Julie Foley is sixteen when she and her family are evicted from their humble mountain dwelling in the Mayo town of Attymass. Their crime is rental arrears. It's 1847 and the potato famine has impoverished Ireland. Corpses of men, women and children lie strewn across the ditches and fields, having dropped like flies from fever, exhaustion and starvation. Thanks to the generosity of the hedge schoolmaster and his wife, Julie and her family are given a lifesaving opportunity to emigrate to North America. But first they must survive the journey aboard one of the 'coffin ships' where thousands of their countrymen and women have perished before them.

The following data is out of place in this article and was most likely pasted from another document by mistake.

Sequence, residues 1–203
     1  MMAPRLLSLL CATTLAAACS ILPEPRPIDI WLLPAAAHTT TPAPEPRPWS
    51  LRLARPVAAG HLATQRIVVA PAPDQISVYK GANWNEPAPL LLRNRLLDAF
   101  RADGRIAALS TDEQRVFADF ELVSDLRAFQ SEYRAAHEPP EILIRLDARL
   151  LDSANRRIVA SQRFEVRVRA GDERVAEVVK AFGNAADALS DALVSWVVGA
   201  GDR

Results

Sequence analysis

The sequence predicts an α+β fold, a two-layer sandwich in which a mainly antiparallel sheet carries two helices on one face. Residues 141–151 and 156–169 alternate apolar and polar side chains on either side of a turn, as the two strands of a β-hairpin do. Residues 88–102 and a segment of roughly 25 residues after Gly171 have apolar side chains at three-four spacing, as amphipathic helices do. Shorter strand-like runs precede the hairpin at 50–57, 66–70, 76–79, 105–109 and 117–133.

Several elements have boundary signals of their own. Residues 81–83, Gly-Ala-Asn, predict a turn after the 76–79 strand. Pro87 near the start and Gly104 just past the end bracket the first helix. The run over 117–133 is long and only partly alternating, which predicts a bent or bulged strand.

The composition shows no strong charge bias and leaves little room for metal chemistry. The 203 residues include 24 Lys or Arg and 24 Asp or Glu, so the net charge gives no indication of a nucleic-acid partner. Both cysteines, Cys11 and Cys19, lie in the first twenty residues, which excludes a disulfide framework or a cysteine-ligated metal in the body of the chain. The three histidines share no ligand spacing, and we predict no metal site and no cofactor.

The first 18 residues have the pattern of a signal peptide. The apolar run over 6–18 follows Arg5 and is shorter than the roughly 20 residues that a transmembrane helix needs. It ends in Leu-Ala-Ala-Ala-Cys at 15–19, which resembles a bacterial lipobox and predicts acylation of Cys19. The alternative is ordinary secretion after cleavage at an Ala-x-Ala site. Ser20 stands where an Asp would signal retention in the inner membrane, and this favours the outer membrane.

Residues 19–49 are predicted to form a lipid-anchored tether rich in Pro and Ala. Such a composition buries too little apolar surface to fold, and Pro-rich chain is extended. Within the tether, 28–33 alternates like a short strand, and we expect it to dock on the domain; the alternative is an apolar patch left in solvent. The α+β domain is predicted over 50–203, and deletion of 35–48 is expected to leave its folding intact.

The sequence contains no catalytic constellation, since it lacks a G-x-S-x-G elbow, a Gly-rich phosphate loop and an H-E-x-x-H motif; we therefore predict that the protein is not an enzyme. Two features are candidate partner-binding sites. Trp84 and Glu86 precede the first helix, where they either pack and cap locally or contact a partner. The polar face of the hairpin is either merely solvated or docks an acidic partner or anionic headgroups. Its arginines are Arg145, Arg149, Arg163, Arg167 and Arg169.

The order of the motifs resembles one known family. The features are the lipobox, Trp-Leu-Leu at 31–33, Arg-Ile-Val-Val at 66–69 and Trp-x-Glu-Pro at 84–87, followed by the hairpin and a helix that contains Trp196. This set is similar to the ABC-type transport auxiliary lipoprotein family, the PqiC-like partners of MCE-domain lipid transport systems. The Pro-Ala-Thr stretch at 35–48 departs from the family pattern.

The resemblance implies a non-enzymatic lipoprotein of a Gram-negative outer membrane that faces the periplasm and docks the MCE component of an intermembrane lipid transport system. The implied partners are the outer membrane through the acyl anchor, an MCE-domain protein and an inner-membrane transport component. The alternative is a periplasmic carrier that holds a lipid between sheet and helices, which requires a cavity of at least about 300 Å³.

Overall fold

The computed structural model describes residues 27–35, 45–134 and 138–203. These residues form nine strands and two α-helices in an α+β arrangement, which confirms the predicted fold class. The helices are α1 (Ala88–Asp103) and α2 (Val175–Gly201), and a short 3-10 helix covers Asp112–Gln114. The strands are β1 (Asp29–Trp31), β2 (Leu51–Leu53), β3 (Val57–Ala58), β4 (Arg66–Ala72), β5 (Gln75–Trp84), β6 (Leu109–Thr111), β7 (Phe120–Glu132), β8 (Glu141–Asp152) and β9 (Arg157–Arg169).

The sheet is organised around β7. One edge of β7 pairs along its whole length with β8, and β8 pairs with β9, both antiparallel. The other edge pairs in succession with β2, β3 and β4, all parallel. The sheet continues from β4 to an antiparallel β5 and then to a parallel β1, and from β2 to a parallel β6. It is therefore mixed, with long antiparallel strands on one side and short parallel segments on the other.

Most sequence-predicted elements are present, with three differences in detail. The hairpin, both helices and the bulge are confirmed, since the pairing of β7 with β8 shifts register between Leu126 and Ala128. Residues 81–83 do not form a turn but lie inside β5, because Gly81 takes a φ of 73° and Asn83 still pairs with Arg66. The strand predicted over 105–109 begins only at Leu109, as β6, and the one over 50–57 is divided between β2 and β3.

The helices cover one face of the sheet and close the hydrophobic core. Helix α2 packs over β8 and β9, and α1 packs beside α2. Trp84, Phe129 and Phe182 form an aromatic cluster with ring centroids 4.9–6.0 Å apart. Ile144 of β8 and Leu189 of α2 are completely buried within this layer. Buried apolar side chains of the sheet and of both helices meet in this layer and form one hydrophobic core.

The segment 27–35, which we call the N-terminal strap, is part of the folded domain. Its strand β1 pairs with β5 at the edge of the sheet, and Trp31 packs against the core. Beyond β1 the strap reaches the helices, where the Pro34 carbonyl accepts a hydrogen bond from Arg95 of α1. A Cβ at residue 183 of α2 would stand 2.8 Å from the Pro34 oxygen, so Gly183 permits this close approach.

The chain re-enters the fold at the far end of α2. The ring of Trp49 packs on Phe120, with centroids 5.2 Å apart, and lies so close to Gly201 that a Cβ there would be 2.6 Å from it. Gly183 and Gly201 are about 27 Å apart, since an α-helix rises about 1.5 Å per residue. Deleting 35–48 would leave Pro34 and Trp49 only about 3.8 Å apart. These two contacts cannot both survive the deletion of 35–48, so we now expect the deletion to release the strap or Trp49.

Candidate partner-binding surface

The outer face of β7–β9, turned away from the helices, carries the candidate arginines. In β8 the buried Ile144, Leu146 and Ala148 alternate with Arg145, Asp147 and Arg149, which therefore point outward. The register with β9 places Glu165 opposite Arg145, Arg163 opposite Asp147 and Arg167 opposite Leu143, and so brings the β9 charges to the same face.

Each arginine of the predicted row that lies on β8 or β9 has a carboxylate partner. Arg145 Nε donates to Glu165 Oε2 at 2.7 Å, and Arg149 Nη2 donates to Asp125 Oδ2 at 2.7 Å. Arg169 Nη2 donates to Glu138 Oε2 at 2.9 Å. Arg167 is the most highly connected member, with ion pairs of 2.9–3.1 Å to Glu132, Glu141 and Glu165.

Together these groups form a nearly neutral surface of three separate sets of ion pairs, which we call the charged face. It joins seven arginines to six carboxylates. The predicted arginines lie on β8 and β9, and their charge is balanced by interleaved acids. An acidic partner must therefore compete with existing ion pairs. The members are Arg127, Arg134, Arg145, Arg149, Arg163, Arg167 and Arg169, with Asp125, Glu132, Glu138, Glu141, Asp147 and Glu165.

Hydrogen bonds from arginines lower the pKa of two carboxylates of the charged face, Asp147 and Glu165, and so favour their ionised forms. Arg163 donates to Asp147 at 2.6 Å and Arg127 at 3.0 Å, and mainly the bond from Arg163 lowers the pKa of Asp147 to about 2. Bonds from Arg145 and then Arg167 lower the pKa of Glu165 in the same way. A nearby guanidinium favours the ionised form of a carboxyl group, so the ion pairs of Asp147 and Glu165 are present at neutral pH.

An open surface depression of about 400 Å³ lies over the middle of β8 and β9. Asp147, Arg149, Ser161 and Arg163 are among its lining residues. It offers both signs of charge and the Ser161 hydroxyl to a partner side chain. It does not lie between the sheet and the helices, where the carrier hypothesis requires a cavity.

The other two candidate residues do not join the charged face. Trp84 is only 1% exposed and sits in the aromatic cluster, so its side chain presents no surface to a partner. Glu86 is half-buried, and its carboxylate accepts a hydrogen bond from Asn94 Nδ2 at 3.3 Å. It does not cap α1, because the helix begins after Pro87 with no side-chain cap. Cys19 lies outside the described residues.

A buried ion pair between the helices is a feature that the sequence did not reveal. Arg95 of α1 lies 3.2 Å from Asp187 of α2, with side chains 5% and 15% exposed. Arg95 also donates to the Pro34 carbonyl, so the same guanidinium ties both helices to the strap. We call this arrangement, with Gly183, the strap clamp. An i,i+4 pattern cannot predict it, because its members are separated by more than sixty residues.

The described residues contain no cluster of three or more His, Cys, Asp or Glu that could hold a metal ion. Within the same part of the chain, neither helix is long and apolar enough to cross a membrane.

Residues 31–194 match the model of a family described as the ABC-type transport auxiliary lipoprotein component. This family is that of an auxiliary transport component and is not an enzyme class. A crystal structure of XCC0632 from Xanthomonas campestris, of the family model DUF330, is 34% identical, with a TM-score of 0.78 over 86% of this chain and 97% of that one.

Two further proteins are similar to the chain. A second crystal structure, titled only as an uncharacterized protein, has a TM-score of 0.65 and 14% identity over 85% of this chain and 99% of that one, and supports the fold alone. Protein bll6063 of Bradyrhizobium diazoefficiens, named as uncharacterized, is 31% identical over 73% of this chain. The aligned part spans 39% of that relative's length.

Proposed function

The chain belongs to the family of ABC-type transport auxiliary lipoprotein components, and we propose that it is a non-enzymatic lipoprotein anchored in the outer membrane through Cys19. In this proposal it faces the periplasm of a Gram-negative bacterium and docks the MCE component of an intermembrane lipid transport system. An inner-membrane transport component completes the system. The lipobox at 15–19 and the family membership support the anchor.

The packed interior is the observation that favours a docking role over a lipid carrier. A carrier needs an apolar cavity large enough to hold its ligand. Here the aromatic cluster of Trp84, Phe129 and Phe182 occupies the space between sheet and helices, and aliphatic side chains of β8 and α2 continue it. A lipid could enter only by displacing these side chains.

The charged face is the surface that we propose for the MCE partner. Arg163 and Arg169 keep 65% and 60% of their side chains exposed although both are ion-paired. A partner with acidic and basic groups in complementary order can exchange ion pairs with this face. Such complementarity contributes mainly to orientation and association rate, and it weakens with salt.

Since childhood, Julie has yearned to become a teacher. Can Fionn McDonagh, the young Irish rebel and poet, persuade Julie to hold on to her dream despite the squalid conditions on board the 'Elizabeth and Sarah'? Will Julie's faith keep her dream alive when her family settle in the working-class district of Griffintown in Montreal, and the only chance of earning a shilling is working in domestic service? Can Julie's dream of a teaching career survive as she toils under the cruel eyes of her employer, a wealthy Northern Irish widow who owns a mansion on Mount Royal?